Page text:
Email marketing strategies have plenty of variation. There are the ones based on autoresponders (if you build a good autoresponder sales funnel, you can get amazing results). There’s the “send as often as you can” email marketing strategy, which only works in specific situations. And there are countless others, too.
Marketing people keep saying, “You can get amazing results with email marketing.”
But most people don’t get the promised results. Instead, your subscribers demand more free content, reply with critical comments when you make a grammar mistake, and unsubscribe in hoards the moment they see a link to a sales page.
Don’t blame the marketing tactic—learn to use it.
If you can’t use the different strategies, you can’t expect good results. And if you don’t use all of them, your results won’t be impressive.
Typically you should use all three email marketing strategies. You can emphasize some more than others, but you shouldn’t stubbornly stick to one strategy.
They all aim to generate sales. But they go at it in different ways. They have different advantages and disadvantages.
If you use them all the right way, your email marketing can be more effective than any other marketing you do.
What makes email marketing strategies so effective?
Email marketing has some significant advantages compared to most other marketing methods:
- High reach: When people join your email list (subscribe or “opt in”), you can reach them. If they just like your Facebook page, for example, it’s unlikely that they’d see many of your updates. Sure, not everyone opens your emails, but the numbers are heavily in favor of email marketing compared to other similar marketing tactics. I’d rather get 1,000 new email subscribers than 10,000 Twitter followers.
- Great flexibility: Email marketing can work for every business. It doesn’t matter whether you sell houses, lingerie, or consulting; you can get lots of sales if you use the right email marketing strategy in the right place. And you can promote practically anything relating to your business—you aren’t limited to sending links to your sales pages. Or rather, if your emails are just links to sales pages, you’re doing it wrong.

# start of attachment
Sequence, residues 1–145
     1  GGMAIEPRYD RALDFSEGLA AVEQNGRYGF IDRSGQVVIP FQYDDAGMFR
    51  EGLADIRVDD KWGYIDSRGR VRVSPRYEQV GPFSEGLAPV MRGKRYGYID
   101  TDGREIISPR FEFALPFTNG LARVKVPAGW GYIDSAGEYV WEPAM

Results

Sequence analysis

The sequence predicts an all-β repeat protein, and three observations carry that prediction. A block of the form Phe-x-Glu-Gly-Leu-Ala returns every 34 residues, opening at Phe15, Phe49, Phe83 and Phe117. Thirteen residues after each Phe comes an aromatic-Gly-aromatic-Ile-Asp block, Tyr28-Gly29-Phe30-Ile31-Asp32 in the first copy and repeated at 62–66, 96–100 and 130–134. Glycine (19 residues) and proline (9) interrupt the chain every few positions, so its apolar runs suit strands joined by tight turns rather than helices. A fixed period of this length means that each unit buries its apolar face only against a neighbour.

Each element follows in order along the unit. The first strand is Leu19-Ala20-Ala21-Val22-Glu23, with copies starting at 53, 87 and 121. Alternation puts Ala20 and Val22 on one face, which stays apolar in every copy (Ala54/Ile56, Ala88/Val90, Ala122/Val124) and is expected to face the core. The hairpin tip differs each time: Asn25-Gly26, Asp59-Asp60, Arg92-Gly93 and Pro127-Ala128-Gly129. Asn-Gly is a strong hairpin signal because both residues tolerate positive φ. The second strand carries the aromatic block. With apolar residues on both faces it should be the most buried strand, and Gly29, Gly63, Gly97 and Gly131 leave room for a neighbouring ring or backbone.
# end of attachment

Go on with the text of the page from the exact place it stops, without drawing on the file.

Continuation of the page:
- Minimal risk: Some top marketers expect to burn through $10,000 of advertising budget before even knowing if they can make a campaign profitable. (Nope, that’s not an exaggeration. But I’d usually aim for a few hundred dollars—not thousands.) With email marketing, the costs are much, much lower. A simple email marketing software like AWeber is very affordable even if your business isn’t a huge success, yet. And even if you go with something advanced like Infusionsoft, you’re still far away from the kinds of investments many other marketing tactics require. Sure, email marketing and advertising aren’t directly comparable (advertising is mainly used to reach new prospects). But you get the point.
- Low barrier of entry: Email marketing is comparatively cheap. But the learning curve also isn’t nearly as steep as with many other tactics. Even if you’re not an expert, you can see great results. Just use the three email marketing strategies. Great execution of the strategies improves your results a lot. But even if you make mistakes, you aren’t wasting your time.